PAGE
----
<AWT Dev> [RFC] Tray icons for applications are not displayed in the GNOME notification bar.

Anthony Petrov anthony.petrov at oracle.com
Wed Oct 26 05:56:38 PDT 2011

Hi Danesh,

On 10/25/2011 10:00 PM, Danesh Dadachanji wrote:
> On 24/10/11 08:49 AM, Anthony Petrov wrote:
>> While you're at it, there's just been filed a bug report:
>> http://bugs.sun.com/bugdatabase/view_bug.do?bug_id=7103610
> WM_CLASS is already set to something relative to what is being run. E.g. 
> when using xprop on a Frame
> $ xprop
> WM_CLASS(STRING) = "sun-awt-X11-XFramePeer", "test-TestFrame"
> Reading the specs of WM_CLASS[1], I think the above is incorrect. I 
> believe "test-TestFrame" makes more sense as the first st ring, the 
> instance name.
> As for the second one, from my understanding of the spec, you would want 
> it to be set to something more generic that. Do you think "Java" is a 
> better option?

I agree that the strings might be in the inverse order currently, and it 
would be nice to have them in the correct order. There's some sense in 
using the "sun-awt-X11-XFramePeer" however, since it may be used to 
distinguish between apps run using the XToolkit, and legacy MToolkit 
(removed in JDK7, but still available for apps run with JDK6 and 
earlier). If in the future we introduce some alternative AWT toolkit, 
then having the toolkit name in the string might be useful.

Having said that, I don't think we should change the value of the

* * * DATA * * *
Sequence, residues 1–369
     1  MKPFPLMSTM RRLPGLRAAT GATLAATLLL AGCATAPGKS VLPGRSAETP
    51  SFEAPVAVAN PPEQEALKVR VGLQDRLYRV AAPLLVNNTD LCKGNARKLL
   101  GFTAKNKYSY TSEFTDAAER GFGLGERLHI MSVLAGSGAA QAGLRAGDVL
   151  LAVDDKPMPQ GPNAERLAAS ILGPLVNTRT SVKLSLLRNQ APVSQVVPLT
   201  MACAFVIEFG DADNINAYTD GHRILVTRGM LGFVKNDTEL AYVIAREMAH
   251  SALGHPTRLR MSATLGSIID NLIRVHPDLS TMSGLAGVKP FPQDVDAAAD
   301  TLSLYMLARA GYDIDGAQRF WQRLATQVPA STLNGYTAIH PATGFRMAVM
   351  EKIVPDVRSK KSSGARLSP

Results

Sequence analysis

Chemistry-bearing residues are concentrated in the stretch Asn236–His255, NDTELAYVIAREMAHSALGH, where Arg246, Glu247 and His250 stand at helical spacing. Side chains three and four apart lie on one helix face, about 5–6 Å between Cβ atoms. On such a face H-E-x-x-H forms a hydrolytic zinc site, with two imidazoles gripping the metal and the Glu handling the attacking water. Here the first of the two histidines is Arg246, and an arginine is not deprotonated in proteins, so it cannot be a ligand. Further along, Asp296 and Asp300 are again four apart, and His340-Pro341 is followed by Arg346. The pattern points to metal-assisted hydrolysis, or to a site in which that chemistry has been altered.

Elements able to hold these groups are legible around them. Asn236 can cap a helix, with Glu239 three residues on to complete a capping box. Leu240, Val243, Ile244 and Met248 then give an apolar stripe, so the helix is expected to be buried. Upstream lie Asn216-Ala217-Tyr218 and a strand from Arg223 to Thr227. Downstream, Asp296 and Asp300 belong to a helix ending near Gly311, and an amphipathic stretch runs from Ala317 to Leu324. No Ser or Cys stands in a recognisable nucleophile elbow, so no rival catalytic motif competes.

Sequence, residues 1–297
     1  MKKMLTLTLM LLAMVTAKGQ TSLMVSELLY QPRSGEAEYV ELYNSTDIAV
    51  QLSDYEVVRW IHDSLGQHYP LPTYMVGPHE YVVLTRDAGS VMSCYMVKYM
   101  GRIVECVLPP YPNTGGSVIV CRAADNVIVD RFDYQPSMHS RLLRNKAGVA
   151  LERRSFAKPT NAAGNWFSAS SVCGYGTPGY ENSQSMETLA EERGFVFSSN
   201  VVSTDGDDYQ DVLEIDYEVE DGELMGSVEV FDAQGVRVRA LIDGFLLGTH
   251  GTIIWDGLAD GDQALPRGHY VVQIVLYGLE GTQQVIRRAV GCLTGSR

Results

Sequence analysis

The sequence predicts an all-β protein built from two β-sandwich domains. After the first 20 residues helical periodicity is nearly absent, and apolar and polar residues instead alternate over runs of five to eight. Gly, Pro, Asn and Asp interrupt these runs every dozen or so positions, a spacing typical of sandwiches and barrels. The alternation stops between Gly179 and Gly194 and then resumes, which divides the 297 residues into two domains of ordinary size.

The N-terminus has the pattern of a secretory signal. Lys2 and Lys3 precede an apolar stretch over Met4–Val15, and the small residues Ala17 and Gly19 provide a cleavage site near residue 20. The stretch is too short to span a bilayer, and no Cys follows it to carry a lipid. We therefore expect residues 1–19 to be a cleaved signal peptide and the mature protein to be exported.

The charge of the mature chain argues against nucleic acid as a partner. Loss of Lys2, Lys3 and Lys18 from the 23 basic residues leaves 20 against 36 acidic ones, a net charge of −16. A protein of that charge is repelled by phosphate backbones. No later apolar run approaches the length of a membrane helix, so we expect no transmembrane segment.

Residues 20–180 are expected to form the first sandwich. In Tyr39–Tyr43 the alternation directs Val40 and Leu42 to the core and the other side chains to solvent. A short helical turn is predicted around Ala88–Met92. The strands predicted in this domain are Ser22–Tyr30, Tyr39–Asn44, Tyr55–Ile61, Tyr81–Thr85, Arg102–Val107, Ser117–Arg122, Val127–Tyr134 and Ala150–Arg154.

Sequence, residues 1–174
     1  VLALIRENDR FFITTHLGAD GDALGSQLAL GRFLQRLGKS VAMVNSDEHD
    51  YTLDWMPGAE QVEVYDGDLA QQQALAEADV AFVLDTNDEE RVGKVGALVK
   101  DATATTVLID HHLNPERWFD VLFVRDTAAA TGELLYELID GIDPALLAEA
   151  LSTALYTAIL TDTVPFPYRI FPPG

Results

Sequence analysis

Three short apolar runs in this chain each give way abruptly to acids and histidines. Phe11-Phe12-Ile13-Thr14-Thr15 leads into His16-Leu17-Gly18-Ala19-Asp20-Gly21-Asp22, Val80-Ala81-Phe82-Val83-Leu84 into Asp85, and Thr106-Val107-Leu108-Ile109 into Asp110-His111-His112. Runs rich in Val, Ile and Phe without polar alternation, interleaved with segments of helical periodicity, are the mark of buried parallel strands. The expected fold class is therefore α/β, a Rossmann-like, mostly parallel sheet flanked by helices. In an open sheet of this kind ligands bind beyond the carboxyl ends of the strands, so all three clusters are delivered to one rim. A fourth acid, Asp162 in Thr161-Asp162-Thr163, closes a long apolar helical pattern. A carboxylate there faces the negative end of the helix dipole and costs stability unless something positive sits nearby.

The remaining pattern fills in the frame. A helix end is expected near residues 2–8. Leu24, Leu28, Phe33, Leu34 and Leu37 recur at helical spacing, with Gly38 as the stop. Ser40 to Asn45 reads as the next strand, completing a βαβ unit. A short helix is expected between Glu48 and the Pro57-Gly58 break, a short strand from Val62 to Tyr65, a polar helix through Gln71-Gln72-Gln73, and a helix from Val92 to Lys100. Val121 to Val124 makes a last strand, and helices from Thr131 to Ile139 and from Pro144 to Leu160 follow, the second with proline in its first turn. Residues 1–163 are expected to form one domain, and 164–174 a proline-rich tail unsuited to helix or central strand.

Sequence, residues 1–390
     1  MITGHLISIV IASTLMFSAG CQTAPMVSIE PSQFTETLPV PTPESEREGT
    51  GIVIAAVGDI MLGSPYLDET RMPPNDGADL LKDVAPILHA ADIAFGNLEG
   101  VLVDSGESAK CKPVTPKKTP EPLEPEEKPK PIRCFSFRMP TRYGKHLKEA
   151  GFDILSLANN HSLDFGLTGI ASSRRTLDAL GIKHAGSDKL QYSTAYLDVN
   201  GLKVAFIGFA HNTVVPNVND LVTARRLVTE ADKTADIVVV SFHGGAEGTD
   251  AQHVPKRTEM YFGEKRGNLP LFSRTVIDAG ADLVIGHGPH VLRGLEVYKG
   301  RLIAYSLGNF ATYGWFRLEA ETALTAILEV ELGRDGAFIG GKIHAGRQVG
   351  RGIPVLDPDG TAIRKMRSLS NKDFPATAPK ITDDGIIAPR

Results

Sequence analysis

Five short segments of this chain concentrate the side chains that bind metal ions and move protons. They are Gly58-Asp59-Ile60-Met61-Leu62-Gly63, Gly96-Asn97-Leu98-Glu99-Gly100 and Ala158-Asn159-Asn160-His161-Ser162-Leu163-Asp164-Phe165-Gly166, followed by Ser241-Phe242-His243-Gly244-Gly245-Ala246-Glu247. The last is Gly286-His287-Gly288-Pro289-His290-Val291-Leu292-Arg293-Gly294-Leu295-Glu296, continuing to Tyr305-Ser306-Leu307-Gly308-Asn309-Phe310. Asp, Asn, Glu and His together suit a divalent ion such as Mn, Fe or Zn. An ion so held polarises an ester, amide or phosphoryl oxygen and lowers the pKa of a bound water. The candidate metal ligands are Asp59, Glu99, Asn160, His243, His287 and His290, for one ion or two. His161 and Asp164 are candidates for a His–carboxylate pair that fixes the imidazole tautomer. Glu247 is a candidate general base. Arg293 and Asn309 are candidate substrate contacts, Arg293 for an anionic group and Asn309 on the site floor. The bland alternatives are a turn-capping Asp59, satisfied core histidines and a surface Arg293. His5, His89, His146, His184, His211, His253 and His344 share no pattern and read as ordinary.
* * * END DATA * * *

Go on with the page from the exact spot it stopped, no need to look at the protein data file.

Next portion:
property. There's two reasons:

1. The WM_CLASS property is used to look up X resources for the app. 
Java apps (and AWT itself) have never used X resources, and as such it 
actually doesn't matter at all what is specified in these property.

2. Some developers may rely on the current order of the strings if they 
want to look up Java windows from their native apps, for example. If we 
change the order now, we may break these use cases. While the order has 
never been specified, I don't see a good reason for this change at this 

>> which suggests that the mentioned window properties need to be set on
>> all application's windows, not just the tray icon window. What do you
>> think about extending this logic to all windows? We could add a method
>> in the XWindowPeer class for this, and install the properties on all
>> windows (including the tray icon - since it's an embedded frame that
>> uses the XEmbeddedFramePeer as its peer).
> If all app windows need to be set, wouldn't this mean all X components 
> as well? In which case, how does adding the code to XBaseWidnow (looking 
> specifically at init) sound?

I don't think so. The window properties are used by the window manager 
(mostly). The window manager will never see our child windows, and as 
such setting the property for them seems useless.

>>> There's no any guarantees regarding the format of the string returned.
>>> Which means that if the XToolkit code is going to be run with a VM other
>>> than, say, Hotspot, the method may return a differently formatted
>>> string, and hence this code may fail.
>>> Is there a more robust way to obtain the PID and the client FQDN?
> For the PID, I think using JNI to access getpid() would be the next best 
> option. I'll look for another way to find the FQDN.

Yes, using getpid() via JNI seems reasonable. I guess gethostname() from 
unistd.h might be used to obtain the FQDN.

best regards,

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